Findings: (a)Homogeneously enhancing 13x13mm spherical mass seen in upper half of infundibulum (long arrow), (b) and impinging on the undersurface of the optic chiasm (short arrow). (c) The mass was isointense relative to cortex on both t1-weighted images (white arrowhead) (d) t2-weighted images (black arrowhead), and t1-weighted precontrast sagittal images.


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Display figure 2 in original size
Figure 2: 38-year-old female with sporadic hemangioblastoma of infundibulum.
Technique: 3T MRI of the brain, pituitary protocol. Diffusion weighted images with ADC map.
Findings: No diffusion restriction is noted on the b1000 images (a) and there is no dark spot on the ADC map (b).


Figure 2: Magnetic Resonance Imaging (Open in original size)
38-year-old female with sporadic hemangioblastoma of infundibulum.
Technique: 3T MRI of the brain, pituitary protocol. Diffusion weighted images with ADC map.
Findings: No diffusion restriction is noted on the b1000 images (a) and there is no dark spot on the ADC map (b).


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Display figure 3 in original size
Figure 3: 38-year-old female with sporadic hemangioblastoma of infundibulum.
Technique: (a) H&E stained section 200x magnification, (b) s100 stained section 200x magnification, (c) NSE stained section 200x magnification, (d) galectin 3 stained section 100x magnification.
Findings: (a) H&E stained section disclose vascularized tumor with abundance of vacuolated foamy cells (*). (b) Positive red chromagen staining for s100 (**). (c) Positive red chromagen on NSE stain (***). (d) Positive red chromagen on galectin 3 stain (****).


Figure 3: Microscopic pathology (Open in original size)
38-year-old female with sporadic hemangioblastoma of infundibulum.
Technique: (a) H&E stained section 200x magnification, (b) s100 stained section 200x magnification, (c) NSE stained section 200x magnification, (d) galectin 3 stained section 100x magnification.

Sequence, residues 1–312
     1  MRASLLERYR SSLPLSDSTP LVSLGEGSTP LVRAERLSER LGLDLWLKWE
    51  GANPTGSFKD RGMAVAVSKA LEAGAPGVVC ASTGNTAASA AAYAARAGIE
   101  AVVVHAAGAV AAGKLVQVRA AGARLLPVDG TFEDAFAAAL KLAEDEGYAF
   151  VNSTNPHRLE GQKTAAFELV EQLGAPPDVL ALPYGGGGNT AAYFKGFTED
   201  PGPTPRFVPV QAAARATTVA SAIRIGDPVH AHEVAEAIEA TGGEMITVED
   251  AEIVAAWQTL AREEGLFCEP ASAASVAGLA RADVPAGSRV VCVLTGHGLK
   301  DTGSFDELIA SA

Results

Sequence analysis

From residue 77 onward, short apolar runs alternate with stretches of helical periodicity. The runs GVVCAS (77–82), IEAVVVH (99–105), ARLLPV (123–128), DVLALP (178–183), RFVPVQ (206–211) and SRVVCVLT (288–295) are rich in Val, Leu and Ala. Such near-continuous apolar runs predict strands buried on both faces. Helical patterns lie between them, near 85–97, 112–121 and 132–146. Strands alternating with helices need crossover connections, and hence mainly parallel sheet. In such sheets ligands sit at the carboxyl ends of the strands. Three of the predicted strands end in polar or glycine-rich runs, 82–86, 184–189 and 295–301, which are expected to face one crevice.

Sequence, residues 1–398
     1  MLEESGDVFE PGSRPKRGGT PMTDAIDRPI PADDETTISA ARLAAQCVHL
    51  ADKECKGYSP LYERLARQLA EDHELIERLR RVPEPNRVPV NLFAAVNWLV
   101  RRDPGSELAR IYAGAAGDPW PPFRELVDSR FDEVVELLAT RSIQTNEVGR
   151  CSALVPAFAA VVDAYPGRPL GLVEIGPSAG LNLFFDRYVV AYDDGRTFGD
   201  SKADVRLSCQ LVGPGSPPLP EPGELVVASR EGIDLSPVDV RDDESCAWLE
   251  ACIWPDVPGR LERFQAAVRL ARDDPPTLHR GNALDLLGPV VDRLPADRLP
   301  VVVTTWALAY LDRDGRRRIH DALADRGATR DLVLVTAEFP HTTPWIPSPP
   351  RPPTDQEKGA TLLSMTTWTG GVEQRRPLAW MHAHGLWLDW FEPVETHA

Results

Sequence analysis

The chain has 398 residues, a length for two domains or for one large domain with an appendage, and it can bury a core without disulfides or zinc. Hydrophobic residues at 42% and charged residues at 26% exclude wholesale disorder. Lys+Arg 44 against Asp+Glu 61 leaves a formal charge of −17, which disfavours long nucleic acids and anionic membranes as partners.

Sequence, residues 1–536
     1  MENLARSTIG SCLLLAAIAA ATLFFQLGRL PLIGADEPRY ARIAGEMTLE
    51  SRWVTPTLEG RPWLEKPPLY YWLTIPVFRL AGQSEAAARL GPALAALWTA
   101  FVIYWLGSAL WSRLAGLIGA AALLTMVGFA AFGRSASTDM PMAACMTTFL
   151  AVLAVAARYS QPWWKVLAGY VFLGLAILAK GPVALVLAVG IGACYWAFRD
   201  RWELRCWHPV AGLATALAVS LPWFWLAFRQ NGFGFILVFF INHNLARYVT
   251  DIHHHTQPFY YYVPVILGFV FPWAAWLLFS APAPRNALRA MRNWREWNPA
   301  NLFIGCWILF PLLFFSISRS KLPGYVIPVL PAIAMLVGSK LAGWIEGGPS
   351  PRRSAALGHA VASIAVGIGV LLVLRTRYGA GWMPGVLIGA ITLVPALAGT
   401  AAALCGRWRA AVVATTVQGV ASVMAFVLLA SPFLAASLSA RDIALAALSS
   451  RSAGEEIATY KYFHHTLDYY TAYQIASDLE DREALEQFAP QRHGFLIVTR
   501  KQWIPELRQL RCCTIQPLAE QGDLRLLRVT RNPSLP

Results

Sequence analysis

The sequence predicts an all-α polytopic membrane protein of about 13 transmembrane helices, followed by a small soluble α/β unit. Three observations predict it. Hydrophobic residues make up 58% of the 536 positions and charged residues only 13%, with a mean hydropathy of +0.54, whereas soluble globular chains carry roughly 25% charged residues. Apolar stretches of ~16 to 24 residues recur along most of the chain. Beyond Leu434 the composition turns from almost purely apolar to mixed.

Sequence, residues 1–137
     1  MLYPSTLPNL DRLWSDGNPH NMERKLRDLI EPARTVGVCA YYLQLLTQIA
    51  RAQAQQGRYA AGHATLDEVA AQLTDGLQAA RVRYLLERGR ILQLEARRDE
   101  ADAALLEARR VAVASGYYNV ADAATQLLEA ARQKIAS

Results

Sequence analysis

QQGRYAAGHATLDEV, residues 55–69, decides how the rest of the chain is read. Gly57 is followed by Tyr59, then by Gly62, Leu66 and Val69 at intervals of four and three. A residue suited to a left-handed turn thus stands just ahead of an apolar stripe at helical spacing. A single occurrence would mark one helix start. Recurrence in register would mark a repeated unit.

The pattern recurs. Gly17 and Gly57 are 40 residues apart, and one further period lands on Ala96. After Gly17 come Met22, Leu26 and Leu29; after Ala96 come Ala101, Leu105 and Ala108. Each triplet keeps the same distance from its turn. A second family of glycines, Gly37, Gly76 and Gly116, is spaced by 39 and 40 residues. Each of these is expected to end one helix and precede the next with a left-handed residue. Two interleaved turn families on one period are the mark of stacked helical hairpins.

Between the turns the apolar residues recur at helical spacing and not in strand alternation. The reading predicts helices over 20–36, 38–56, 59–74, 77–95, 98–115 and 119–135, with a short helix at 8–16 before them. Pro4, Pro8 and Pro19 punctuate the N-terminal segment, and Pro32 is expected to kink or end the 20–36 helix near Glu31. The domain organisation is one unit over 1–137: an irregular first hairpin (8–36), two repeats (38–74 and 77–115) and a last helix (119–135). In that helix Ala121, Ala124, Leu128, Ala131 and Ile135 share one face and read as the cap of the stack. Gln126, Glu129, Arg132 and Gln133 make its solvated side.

Findings: (a) H&E stained section disclose vascularized tumor with abundance of vacuolated foamy cells (*). (b) Positive red chromagen staining for s100 (**). (c) Positive red chromagen on NSE stain (***). (d) Positive red chromagen on galectin 3 stain (****).


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Display figure 4 in original size
Figure 4: Summary table for Hemangioblastoma.

Figure 4: Table (Open in original size)
Summary table for Hemangioblastoma.

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Display figure 5 in original size
Figure 5: Differential diagnosis table for Hemangioblastoma.

Figure 5: Table (Open in original size)
Differential diagnosis table for Hemangioblastoma.

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  REFERENCES
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1. Kassardjian CD, Macdonald RL, Munoz DG. Hemangioblastomas in the elderly: epidemiology and clinical characteristics. J Clin Neurosci 2014;21(7):1205-8 Get full text
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  ABBREVIATIONS
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CAN = central nervous system
EMA = Epithelial membrane antigen
GFAP = glial fibrillary acidic protein
H & E = hematoxylin and eosin
MRI = magnetic resonance imaging
NSE = neuron-specific enolase
VEGF = vascular endothelial growth factor
VHL = von Hippel-Lindau Disease